Trinity Students Put Their Science Skills, Imagination On Display

OSWEGO, NY – Would you like to find a way to keep cool this summer?. Perhaps you’re looking for a way to put a little spring in your step when you exercise.

Maybe you just want to be able to eat an entire ice cream cone before the treat turns into a gooey, sticky mess in your hand.

Some elementary students just might have what you’re looking for.

Alex Flack explains his project to judge Diane Jackson.
Alex Flack explains his project to judge Diane Jackson.

Trinity Catholic School held its Invention Convention science fair recently.  Students put their science skills as well as their imagination on display in the school gym.

Diane Jackson (of SUNY Oswego) was a judge for the science projects.

“These students are very talented and resourceful,” she said. “I am really impressed by these projects and all the hard work the students put into them.”

Mary Bornheimer invented a fan hat. The fourth grader’s ball cap design had a pair of small fans that were attached to the end of the bill.

Annie Seo, another fourth grader, came up with the idea for a spring powered exercise shoe.

Fifth grader Phillips Cummings’ project looked at the effects of different liquids on seeds.

After completing the experiment, he found that his hypothesis was correct. The seeds he “watered” with cola and distilled water would germinate, and those he used apple juice, vinegar and rubbing alcohol didn’t.

“When the planted seeds started growing, both the distilled water plants and the cola plants grew faster the first couple of days and then their growth slowed down,” he pointed out.

Plants, at various stages of growth, are seen in Phillips Cummings’ project.
Plants, at various stages of growth, are seen in Phillips Cummings’ project.

Sixth grader Alex Flack did a project to determine whether the color of a candle had any effect on how quickly it burned down.

“The red candle burned faster than the others,” he said. “I actually though the white candle would be faster because there is less added coloring.”

His classmate, Anton Porcari, wanted to see how good people’s sense of smell really is.

“Can you know a food or an ingredient? Like if you’re holding an apple, do you know it’s an apple? Yes,” he said. “You can know it if you’re seeing it or tasting it. But I want to know if you can do that with your nose. Because, your nose is your most powerful weapon.”

He placed five everyday ingredients in containers and listed six options for each. People sniffed and tried to identify the mystery item.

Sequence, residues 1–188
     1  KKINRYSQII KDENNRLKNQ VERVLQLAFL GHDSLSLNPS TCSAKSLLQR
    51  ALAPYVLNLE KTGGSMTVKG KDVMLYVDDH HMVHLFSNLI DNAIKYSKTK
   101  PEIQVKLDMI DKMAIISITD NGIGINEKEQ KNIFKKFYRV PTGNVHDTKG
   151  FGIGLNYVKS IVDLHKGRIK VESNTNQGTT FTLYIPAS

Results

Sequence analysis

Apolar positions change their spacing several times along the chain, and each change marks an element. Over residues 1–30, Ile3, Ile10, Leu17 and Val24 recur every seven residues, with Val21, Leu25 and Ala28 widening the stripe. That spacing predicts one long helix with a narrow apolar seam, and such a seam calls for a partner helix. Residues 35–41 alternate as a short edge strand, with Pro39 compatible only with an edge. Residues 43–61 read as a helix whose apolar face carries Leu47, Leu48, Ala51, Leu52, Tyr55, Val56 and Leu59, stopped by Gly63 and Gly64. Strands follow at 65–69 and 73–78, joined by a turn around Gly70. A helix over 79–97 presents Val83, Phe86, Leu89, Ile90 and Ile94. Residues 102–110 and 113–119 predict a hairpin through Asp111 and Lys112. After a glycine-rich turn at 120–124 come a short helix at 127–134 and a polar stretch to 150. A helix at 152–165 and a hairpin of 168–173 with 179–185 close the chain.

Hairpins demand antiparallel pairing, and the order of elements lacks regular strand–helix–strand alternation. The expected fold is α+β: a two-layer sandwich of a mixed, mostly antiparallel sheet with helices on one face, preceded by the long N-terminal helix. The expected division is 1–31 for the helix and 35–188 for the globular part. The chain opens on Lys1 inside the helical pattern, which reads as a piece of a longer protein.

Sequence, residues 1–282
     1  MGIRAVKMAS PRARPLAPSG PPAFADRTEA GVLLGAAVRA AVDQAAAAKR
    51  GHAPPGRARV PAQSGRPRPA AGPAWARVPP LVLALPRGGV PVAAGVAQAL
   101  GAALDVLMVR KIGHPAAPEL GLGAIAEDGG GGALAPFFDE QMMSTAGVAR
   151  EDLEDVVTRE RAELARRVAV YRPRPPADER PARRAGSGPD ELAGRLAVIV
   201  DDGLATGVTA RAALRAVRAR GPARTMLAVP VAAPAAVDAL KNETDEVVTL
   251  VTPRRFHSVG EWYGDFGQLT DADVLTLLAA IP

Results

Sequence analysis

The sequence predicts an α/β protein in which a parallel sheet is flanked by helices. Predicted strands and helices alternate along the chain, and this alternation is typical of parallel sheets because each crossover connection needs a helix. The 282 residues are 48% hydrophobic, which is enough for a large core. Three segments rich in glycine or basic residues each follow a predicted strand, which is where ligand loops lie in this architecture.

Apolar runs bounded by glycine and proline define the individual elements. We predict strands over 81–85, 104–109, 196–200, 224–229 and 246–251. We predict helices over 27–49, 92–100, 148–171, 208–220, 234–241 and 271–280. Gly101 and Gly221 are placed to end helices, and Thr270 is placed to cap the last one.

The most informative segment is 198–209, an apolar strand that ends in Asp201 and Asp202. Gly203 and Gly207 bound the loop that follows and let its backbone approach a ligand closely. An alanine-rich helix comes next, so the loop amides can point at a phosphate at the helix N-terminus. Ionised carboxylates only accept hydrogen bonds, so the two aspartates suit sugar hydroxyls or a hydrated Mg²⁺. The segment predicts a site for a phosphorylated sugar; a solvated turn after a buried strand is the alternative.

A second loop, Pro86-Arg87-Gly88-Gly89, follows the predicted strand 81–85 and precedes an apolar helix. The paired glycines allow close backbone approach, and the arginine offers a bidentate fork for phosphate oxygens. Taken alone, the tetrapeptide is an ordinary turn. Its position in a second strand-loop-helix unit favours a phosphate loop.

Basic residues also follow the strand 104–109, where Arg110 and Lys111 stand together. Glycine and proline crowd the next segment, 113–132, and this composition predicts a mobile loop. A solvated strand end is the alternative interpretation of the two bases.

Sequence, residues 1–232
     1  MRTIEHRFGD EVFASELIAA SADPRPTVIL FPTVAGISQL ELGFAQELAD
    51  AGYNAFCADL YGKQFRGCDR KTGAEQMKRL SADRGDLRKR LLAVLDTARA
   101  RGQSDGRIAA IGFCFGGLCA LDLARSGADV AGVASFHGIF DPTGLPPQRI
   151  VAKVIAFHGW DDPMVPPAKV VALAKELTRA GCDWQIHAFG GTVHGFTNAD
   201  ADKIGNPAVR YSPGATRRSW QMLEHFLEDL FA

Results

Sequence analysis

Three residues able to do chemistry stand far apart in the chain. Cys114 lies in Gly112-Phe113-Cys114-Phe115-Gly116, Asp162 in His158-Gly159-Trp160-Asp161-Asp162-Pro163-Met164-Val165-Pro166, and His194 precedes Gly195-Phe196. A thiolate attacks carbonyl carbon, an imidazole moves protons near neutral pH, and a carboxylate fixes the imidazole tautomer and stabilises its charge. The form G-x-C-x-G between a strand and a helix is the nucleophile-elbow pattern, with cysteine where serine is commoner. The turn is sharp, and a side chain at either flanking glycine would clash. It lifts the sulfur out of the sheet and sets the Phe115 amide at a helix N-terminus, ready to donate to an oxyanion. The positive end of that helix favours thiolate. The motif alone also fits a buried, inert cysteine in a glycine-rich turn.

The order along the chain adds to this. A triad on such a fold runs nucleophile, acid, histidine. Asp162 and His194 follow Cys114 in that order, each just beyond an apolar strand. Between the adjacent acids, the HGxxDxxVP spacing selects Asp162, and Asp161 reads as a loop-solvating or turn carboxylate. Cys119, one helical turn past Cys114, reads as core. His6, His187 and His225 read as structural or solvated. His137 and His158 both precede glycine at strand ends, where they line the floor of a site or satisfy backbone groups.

His conclusion was “very far off from my hypothesis,” he said.

“I thought everyone that I tested was going to get it right,” he said. “But they didn’t do as well as I thought they would; most didn’t get it correct.”

Some of his choices – a tangerine or orange, scallions or onions for example – were a bit tricky, he admits.

Kaitlynn Todd made a solar panel out of used soda cans.

“I wanted to see if I could generate heat using items from around the house without using electricity, thereby saving money for my family,” the fifth grader explained.

She created a panel with six cans across and four cans down; the cans were spray painted black.

She placed the contraption outside in the sun and hooked it to a thermometer in the basement.

The basement started at 56 degrees, and within 10 minutes the room temperature was up to 65 degrees and the next day it reached a high of 85 degrees, she noted. The panel could be created larger to generate more heat if needed, she added.

The room cooled overnight and warmed up the next day when the sun came out, she said.

“It was a fun project. I used items that we had in our house,” she said. “The total cost was $3.96.”

Lynch Raby’s project was to determine which milk goes bad first.

He studied skim, two percent and whole milk.

“Skim milk lasted the longest. The two percent was next and whole milk went bad the quickest,” he noted.

Another sixth grader, Ana Alcasid, wanted to see how well people could tell time – without a clock.

Using a stop watch, she timed subjects to see how close they’d come to determining when one minute had elapsed.

The older people tested had a larger percent of error than others, she said.

Classmate Clare Donovan experimented to see which battery would last the longest in a flashlight (if left on).

A group of students check out a classmate’s science project in the Trinity school gym.
A group of students check out a classmate’s science project in the Trinity school gym.

She tested Duracell and Energizer batteries.

“I found out, sadly, that my hypothesis was wrong and the Energizer lasted longer,” she said. “I was holding the flashlight (with Energizer batteries) going, ‘when are you going to run out?’ I thought it was dying and it wasn’t dying. It lasted nearly three hours; if you’re camping and get lost, that is a long time.”

“What did you learn from that?” Jackson asked.

“That if my first hypothesis is wrong I have to come up with a new one an test that one,” Clare replied. “You have to try again.”

Some of the other projects and inventions included a no-drip ice cream cone (with flavored edible sides), a wind-powered flashlight, the perfect pickle server, a notched hockey stick grip, a pet food bag spout to make serving easier, and a lighted camper’s jacket.

“I’m really amazed by the ideas these students came up with,” said David Friedlander, principal. “You certainly have to admit, our students have an awful lot of creativity.”

Trinity is the sole Catholic school in Oswego County. For more information, call 343-6700.